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Is There A Benefit To Having Been Vaccinated Against Smallpox As A Child?

Date:
July 7, 2003
Source:
Saint Louis University
Summary:
Adults who were vaccinated against smallpox as children can be successfully revaccinated by using diluted doses of the vaccine and with fewer side effects, according to research published by Saint Louis University this week in the Journal of the American Medical Association.

ST. LOUIS - Adults who were vaccinated against smallpox as children can be successfully revaccinated by using diluted doses of the vaccine and with fewer side effects, according to research published by Saint Louis University this week in the Journal of the American Medical Association.

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"We saw fewer adverse reactions in the participants who had been vaccinated before," said Sharon Frey, M.D., the lead author of the study and an associate professor at Saint Louis University School of Medicine. "Our study included healthy adult volunteers between the ages of 32 and 60 who previously had been vaccinated. Our comparison group consisted of individuals who were otherwise healthy and between the ages of 18 and 31, who had never received a smallpox vaccination."

In addition to Dr. Frey, co-authors of the article are Frances K. Newman and Robert Belshe, M.D., both from Saint Louis University, and Lihan Yan from the EMMES Corp. in Rockville, Md. The full article can be accessed at the JAMA website: http://www.jama.com.

In previous studies by Frey and colleagues, published in the New England Journal of Medicine, researchers found that that the country's limited stockpile of the smallpox vaccine could be diluted up to 10 times and retain its potency in individuals who had never before been vaccinated. The results of these studies suggested the vaccine could be stretched to protect a greater number of Americans from the highly contagious virus, which public health officials fear terrorists might use in a biological attack.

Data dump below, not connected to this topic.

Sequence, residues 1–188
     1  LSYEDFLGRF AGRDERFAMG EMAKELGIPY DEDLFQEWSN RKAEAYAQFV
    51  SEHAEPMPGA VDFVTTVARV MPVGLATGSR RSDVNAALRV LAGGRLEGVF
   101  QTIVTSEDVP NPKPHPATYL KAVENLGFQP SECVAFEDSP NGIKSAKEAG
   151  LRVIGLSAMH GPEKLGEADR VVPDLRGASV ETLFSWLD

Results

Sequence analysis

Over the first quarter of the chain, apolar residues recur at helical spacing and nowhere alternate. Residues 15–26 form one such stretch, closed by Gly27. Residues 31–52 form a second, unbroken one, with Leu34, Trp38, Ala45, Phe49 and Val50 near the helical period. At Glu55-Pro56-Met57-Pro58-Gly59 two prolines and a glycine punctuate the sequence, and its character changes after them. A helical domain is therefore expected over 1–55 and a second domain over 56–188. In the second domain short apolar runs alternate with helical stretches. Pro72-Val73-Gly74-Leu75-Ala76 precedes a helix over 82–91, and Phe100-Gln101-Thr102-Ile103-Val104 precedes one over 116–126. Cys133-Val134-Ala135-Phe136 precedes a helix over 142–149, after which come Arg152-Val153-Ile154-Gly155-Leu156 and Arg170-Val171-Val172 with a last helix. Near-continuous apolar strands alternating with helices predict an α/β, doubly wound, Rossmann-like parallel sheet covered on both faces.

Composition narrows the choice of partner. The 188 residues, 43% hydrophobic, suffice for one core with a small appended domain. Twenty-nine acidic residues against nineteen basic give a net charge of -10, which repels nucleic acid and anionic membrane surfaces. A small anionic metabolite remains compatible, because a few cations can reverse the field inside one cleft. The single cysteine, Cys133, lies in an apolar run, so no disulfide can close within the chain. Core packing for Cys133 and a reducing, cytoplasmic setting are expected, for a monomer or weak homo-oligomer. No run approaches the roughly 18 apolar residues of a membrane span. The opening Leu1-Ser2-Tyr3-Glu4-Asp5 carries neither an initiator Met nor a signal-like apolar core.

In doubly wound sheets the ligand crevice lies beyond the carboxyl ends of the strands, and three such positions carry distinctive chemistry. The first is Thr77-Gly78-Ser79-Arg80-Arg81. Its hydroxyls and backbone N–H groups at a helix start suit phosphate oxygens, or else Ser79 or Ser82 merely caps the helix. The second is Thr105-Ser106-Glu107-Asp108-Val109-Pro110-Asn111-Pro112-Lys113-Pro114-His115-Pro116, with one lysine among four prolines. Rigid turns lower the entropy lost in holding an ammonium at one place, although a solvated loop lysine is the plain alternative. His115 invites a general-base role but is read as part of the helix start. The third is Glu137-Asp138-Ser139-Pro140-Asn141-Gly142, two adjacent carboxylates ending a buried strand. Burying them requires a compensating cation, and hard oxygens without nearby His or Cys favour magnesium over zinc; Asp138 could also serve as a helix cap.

"Our new study further suggests that it's possible to use the same vaccine dilution in people who have been vaccinated before and those who haven't," Frey said.

Frey said that routine smallpox vaccinations stopped during the early 1970s after the disease was certified as eradicated by the World Health Organization. "Many adults in the United States received the smallpox vaccine as children, so we conducted this study to see if these vaccinations given many years ago would confer any protection," Frey said.

Dryvax, the smallpox vaccine under study, is no longer produced, and there are limited supplies available in the United States. In the modern era this was the first research study to examine the immune response of the Dryvax vaccine in diluted doses in adults who were vaccinated as children.

Frey said this research sets the stage for a larger-trial. This phase one trial involved 90 participants, all at the Center for Vaccine Development at Saint Louis University.

Established in 1836, Saint Louis University School of Medicine has the distinction of awarding the first M.D. degree west of the Mississippi River. Saint Louis University School of Medicine is a pioneer in geriatric medicine, organ transplantation, chronic disease prevention, cardiovascular disease, neurosciences and vaccine research, among others. The School of Medicine trains physicians and biomedical scientists, conducts medical research, and provides health services on a local, national and international level.


Story Source:

The above story is based on materials provided by Saint Louis University. Note: Materials may be edited for content and length.


Cite This Page:

Saint Louis University. "Is There A Benefit To Having Been Vaccinated Against Smallpox As A Child?." ScienceDaily. ScienceDaily, 7 July 2003. <www.sciencedaily.com/releases/2003/07/030707090535.htm>.
Saint Louis University. (2003, July 7). Is There A Benefit To Having Been Vaccinated Against Smallpox As A Child?. ScienceDaily. Retrieved March 29, 2015 from www.sciencedaily.com/releases/2003/07/030707090535.htm
Saint Louis University. "Is There A Benefit To Having Been Vaccinated Against Smallpox As A Child?." ScienceDaily. www.sciencedaily.com/releases/2003/07/030707090535.htm (accessed March 29, 2015).

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